In comic form, the chapters vary in length, the first one being 27 pages, and the last one 62. The entire story clocked in at 463 comic book pages across four volumes. So knowing that I had the whole story mapped out, I felt confident drawing one issue at a time. I would do the roughs, then do the inks/finals. I usually letter the pages as I draw them, instead of all at the end, so I can see the book coming together.
And by the way, I polish the dialog as I letter the pages. Sometimes, I lose a piece of dialog that has become redundant, as the point was made visually. Sometimes dialog is needed to convey something that is better told, not shown for reason of storytelling focus. The one real addition to the original script is Finn’s voice over, which has become a staple of the book, and that was only present at the very beginning and end of the script in movie-format. As far as the voice over goes, I try to find one key idea–one clear way in for the entire chapter. It makes the chapter unique, and helps unifying moments that otherwise have a lot of plates spinning, so it becomes the glue–but the kind of glue that takes you by the hand, and has a sense of humor. For the 4th volume however, because it is the end of an intricate story and I needed to make sure that all the pieces came together, I roughed out the entire volume before inking anything. I am now just a few pages away from having finished inking everything.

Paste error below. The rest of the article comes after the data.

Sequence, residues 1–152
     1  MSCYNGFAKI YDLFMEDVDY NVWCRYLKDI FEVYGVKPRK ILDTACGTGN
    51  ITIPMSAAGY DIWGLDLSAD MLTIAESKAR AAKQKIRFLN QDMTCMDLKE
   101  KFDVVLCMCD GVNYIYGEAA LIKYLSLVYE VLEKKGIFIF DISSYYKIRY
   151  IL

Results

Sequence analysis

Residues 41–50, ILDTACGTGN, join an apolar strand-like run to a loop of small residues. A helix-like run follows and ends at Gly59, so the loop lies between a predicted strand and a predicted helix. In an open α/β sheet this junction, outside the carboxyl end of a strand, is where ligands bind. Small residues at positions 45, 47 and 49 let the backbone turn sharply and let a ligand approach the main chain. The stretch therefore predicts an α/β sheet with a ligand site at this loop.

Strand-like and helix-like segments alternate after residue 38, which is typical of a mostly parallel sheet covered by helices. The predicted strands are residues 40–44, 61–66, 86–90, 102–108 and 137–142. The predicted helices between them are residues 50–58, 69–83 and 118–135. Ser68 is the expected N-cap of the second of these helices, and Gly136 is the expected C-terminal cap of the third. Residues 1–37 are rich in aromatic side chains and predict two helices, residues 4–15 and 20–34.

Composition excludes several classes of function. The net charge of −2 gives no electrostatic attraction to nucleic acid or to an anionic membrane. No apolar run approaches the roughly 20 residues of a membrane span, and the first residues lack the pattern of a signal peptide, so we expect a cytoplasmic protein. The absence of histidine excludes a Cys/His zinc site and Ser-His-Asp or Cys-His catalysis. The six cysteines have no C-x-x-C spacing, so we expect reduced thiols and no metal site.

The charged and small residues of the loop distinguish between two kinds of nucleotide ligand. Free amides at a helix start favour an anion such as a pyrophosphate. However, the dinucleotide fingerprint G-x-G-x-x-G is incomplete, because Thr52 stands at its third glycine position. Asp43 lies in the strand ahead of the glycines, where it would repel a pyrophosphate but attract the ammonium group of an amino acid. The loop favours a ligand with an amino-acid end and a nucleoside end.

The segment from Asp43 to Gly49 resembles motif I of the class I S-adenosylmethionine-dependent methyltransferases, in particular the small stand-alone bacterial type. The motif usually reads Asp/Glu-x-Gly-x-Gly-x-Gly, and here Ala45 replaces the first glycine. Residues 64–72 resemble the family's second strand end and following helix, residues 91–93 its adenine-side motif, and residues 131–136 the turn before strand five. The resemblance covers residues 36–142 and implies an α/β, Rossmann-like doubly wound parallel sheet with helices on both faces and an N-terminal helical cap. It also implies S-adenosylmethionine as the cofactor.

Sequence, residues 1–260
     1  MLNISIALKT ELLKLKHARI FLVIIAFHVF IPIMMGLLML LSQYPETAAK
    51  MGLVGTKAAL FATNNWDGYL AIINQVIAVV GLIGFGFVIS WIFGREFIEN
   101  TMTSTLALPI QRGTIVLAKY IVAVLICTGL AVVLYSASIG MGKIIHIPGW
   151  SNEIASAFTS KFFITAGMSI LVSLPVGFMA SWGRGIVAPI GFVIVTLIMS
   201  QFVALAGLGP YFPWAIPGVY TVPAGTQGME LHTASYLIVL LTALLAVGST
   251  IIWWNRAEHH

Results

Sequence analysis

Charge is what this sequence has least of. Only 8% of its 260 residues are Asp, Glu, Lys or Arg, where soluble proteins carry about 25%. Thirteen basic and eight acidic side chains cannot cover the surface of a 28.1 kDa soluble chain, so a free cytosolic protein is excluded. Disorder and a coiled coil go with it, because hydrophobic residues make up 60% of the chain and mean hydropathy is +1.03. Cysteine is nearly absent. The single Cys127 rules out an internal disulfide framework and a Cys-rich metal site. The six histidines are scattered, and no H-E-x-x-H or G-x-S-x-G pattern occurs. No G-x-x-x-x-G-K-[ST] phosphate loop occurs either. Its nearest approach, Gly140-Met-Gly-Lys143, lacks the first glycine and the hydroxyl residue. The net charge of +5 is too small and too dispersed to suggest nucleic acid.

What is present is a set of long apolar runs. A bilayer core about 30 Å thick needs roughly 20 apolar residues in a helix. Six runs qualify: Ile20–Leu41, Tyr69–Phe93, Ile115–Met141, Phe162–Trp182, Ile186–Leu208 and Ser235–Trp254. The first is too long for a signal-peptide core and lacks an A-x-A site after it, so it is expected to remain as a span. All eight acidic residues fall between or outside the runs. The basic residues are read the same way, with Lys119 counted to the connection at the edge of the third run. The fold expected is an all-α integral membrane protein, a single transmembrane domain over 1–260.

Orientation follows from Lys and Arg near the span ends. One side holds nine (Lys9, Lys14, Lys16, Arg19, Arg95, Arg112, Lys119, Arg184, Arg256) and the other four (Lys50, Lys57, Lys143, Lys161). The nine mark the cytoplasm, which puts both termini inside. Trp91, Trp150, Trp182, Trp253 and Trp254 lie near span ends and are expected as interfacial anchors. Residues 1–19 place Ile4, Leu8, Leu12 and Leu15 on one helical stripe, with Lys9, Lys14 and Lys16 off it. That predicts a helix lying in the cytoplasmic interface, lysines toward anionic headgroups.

FS: Following up on that, has the story taken you places you didn’t expect when you first set out to write it? Were you surprised by how certain characters changed from the beginning of the tale?